•  the opposition to and vanquishing of the Amalakites recorded.


“Then the LORD said to Moses, "Write down these words, for in accordance with these words I have made a covenant with you and with Israel." (Ex 34:27)

•    the basic laws of the covenant given on Mount Sinai recorded.


“Go now, write it on a tablet for them, inscribe it on a scroll, that for the days to come it may be an everlasting witness.” (Isa 30:8)

•   instruction to Isaiah to record the prophecy.


“This is the word that came to Jeremiah from the LORD: "This is what the LORD, the God of Israel , says: `Write in a book all the words I have spoken to you. ” (Jer 30:1,2)
•    similar instruction to Jeremiah.
“ Write these down before them so that they may be faithful to its design and follow all its regulations (Ezek 43:11)
•    similar instruction to Ezekiel.
“Then the LORD replied: "Write down the revelation and make it plain on tablets ” (Hab 2:2)
•    ditto Habakkuk.


d) God inspired men by the Holy Spirit


Much of the time in the Bible it is assumed that God's Spirit inspired the writers to write as they did.


For those who are not Christians and who do not know the experience of being inspired by God, the nearest you might come to is a poet or author being inspired to write poetry or a story because of moving circumstances that they have experienced.


In the case of the Bible, it is not merely moving circumstances, but the moving of the person of the Holy Spirit. Occasionally that is expressly recorded:  


“The Spirit of the LORD spoke through me; his word was on my tongue. The God of Israel spoke, the Rock of Israel said to me: `When one rules over men in righteousness, when he rules in the fear of God ” (2 Sam 23:2,3)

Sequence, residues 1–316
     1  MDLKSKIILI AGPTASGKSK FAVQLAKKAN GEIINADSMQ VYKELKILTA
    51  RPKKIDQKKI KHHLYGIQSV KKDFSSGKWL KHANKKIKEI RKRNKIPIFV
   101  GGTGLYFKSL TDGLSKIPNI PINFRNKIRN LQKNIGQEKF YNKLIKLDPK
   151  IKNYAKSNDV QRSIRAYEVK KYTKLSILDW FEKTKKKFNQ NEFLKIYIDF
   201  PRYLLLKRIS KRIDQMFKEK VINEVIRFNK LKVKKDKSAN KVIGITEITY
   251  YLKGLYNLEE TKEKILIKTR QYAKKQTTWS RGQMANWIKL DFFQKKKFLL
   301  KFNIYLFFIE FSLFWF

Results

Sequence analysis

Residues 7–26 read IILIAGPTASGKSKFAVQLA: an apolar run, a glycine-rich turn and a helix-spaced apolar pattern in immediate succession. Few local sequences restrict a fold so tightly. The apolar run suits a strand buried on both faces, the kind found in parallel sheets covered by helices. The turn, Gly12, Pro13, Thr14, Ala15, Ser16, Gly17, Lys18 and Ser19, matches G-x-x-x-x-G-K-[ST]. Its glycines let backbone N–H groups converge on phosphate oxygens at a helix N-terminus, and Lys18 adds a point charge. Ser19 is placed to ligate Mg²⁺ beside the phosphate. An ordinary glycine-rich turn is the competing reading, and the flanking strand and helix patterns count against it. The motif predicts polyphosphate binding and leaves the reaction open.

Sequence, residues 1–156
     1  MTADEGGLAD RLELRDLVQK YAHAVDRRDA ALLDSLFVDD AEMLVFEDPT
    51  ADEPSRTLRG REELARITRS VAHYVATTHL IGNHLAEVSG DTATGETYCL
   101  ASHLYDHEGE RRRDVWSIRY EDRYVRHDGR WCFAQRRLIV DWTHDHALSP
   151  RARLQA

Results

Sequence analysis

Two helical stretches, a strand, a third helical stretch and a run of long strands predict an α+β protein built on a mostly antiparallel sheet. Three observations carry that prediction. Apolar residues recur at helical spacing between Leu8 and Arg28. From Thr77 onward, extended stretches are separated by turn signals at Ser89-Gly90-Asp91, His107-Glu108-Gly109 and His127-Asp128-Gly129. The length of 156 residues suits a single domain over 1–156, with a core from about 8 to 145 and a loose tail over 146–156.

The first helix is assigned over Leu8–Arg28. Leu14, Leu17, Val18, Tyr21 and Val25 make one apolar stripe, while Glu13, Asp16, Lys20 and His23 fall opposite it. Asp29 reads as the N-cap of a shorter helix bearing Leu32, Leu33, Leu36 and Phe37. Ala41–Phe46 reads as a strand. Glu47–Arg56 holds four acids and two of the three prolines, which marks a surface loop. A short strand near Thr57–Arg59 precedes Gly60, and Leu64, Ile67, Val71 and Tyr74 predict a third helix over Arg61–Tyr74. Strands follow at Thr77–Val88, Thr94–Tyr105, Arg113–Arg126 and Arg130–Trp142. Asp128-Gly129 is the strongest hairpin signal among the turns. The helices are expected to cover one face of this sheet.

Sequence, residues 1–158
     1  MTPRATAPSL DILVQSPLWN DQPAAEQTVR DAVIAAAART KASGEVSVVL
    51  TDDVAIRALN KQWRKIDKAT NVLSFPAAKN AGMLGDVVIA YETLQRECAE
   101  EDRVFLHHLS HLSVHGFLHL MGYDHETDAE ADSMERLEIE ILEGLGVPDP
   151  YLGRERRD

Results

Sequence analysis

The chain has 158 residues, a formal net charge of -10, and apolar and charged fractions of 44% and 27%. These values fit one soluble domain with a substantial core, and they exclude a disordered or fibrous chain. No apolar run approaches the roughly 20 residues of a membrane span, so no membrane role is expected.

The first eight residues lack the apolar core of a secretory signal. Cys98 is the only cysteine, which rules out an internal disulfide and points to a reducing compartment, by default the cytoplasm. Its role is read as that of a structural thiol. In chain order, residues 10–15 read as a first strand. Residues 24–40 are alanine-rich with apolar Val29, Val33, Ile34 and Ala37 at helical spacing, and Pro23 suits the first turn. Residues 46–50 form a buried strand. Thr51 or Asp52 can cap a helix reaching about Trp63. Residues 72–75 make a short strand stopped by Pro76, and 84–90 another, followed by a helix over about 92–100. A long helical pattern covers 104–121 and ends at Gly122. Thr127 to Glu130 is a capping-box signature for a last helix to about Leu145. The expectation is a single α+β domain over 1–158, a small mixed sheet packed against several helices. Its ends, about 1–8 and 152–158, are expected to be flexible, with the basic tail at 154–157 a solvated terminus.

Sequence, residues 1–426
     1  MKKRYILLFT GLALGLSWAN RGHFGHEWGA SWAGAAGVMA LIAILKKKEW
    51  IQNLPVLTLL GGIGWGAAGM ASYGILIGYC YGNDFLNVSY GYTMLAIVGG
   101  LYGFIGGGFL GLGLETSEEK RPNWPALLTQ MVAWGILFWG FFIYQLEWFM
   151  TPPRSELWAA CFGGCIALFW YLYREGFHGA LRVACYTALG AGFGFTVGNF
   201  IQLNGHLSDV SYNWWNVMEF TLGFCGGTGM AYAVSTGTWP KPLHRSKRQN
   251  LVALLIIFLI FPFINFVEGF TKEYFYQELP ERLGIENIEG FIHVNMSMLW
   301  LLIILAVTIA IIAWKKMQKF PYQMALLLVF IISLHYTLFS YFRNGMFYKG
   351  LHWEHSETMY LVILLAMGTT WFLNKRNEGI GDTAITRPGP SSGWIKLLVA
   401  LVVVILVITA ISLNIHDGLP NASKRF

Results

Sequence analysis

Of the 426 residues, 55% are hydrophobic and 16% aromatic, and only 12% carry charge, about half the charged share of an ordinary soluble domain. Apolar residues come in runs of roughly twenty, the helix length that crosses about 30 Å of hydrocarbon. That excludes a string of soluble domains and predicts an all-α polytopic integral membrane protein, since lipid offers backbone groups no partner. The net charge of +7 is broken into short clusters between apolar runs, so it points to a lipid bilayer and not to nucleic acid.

•    David's awareness
“Above all, you must understand that no prophecy of Scripture came about by the prophet's own interpretation. For prophecy never had its origin in the will of man, but men spoke from God as they were carried along by the Holy Spirit ” (2 Pet 1:20 ,21)
•   Peter spoke about it as a regular experience.    


“David himself, speaking by the Holy Spirit, declared: ‘The Lord said to my Lord: "Sit at my right hand” ' (Mk 12:36 where Jesus quotes David in Psa 110:1)

•   Jesus himself cited David saying he was being inspired by the Holy Spirit.


e) Unaware involvement – again


Which takes us back to our starting point again. Thus we may read, for example:

“ Moses then wrote down everything the LORD had said .” (Ex 24:4)

•   Here Moses was not instructed but it appeared a ‘natural' response, a thing it was sensible to do.


Daniel makes an interesting comment:

“ in the first year of his reign, I, Daniel, understood from the Scriptures, according to the word of the LORD given to Jeremiah the prophet, that the desolation of Jerusalem would last seventy years ” (Dan 9:2)

•   i.e. Daniel already had Jeremiah's writings and considered them part of holy Scripture, the word of God which he could rely upon.

In Nehemiah we find the practice of Israel indicating their attitude towards the Scriptures:

“They stood where they were and read from the Book of the Law of the LORD their God” (Neh 9:2)
and they prayed:
"For many years you were patient with them. By your Spirit you admonished them through your prophets ” (Neh 9:30 )
and also:

“all these now join their brothers the nobles, and bind themselves with a curse and an oath to follow the Law of God given through Moses the servant of God and to obey carefully all the commands, regulations and decrees of the LORD our Lord (Neh 10:29)

•  thus they clearly believed the Law they had written down had come from God.


In the New Testament we find the classic example:
“since I myself have carefully investigated everything from the beginning, it seemed good also to me to write an orderly account for you. ” (Lk 1:3)
•   The nature of the writing presupposes that he was in fact being inspired or prompted by God to do this writing.



3. What Historical Support is there for Belief in Inspiration?




What is interesting is that the early creeds were concerned to specify certain beliefs about God and about Jesus – but never refer to the inspiration of Scripture – they all assume that these beliefs are inspired and revealed by God.